• The operation 1208 illustrates comparing a computed firmware cyclic redundancy check (CRC) value associated with the firmware update data to a firmware update data header CRC parameter. For example, as shown in FIGS. 3-7, the firmware update data 102 may comprise a firmware update header 102A. The firmware update header 102A may comprise one or more fields including, but not limited to, a firmware CRC field 102-3. The firmware CRC field 102-3 may specify a CRC function and the resultant output value which should be obtained when the specified CRC function is applied to the firmware data 102B. Should the CRC value maintained in the firmware CRC field 102-3 not match the actual output of the CRC function when applied to the firmware update data 102 transferred to the firmware update partition 206-2, the processing unit 207 may recognize the transfer as failed.
  • The operation 1210 illustrates receiving a second transmission of the firmware update data. For example, as shown in FIGS. 3-7, the transfer of the firmware data 102B to the firmware update partition 206-2 may be disrupted (e.g. as a result of a power outage) resulting in an incomplete transfer of the firmware data 102B to the firmware update partition 206-2 (e.g. a transfer of only 50% of the firmware data 102B). The transfer of the firmware data 102B may be considered failed as the use of incomplete firmware data 102B in the active firmware partition 206-1 may result in an unknown state of the embedded computing system 201. As such, the processing unit 207 of the embedded computing system 201 may execute instructions stored in the system memory 202 so as to cause the embedded computing system 201 to receive a retransmission of the firmware data 102B. The retransmitted firmware data 102B may overwrite any failed firmware update data previously stored firmware update partition 206-2 without any adverse affects on the normal operations of the embedded computing system 201.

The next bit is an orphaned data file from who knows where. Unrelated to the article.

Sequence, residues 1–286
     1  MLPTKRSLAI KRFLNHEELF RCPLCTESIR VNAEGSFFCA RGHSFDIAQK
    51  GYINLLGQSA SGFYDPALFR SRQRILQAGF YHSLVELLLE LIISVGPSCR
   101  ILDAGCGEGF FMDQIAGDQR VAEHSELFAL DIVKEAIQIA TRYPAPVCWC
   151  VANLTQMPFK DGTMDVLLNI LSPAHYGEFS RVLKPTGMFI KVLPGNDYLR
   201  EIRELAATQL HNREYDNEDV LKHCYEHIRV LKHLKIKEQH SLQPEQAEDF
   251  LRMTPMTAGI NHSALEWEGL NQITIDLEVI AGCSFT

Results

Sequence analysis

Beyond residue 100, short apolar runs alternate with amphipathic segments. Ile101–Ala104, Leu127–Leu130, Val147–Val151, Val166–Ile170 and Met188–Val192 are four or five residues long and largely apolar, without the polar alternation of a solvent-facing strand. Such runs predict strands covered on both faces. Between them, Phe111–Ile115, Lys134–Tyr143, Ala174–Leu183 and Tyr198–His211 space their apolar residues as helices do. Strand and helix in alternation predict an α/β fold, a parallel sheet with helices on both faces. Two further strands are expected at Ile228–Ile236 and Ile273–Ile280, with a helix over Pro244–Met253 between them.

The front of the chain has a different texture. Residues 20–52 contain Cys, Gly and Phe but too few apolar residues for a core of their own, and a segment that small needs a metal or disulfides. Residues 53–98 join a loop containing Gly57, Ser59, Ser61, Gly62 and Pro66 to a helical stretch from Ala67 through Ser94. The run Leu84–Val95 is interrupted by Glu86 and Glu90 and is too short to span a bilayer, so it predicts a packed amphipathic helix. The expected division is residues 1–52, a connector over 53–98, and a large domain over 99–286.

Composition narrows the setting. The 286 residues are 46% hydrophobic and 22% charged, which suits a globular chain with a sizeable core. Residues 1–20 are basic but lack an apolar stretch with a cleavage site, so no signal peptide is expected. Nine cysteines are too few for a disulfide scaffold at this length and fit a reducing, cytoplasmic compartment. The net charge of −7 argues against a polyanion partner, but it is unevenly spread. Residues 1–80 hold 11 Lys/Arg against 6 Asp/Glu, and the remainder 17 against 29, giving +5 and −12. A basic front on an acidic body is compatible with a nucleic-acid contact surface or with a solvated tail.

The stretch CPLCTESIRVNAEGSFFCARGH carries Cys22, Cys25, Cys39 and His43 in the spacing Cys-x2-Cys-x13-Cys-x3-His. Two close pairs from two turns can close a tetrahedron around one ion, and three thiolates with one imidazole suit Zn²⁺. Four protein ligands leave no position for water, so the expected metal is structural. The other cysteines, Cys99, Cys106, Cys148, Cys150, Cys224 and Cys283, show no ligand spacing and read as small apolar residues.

• It should be noted that many functions have been attributed to respective processing logic. However, such recitations are for descriptive purposes only and one skilled in the art will recognize that the various operations may be allocated to or implemented with one or more processing logic in an integrated or distributed manner without departing from the scope of the descriptions herein.
  • The foregoing detailed description has set forth various embodiments of the devices and/or processes via the use of block diagrams, flowcharts, and/or examples. Insofar as such block diagrams, flowcharts, and/or examples contain one or more functions and/or operations, it will be understood by those within the art that each function and/or operation within such block diagrams, flowcharts, or examples can be implemented, individually and/or collectively, by a wide range of hardware, software, firmware, or virtually any combination thereof. In one embodiment, several portions of the subject matter described herein may be implemented via Application Specific Integrated Circuits (ASICs), Field Programmable Gate Arrays (FPGAs), digital signal processors (DSPs), or other integrated formats. However, those skilled in the art will recognize that some aspects of the embodiments disclosed herein, in whole or in part, can be equivalently implemented in integrated circuits, as one or more computer programs running on one or more computers (e.g., as one or more programs running on one or more computer systems), as one or more programs running on one or more processors (e.g., as one or more programs running on one or more microprocessors), as firmware, or as virtually any combination thereof, and that designing the circuitry and/or writing the code for the software and or firmware would be well within the skill of one of skill in the art in light of this disclosure.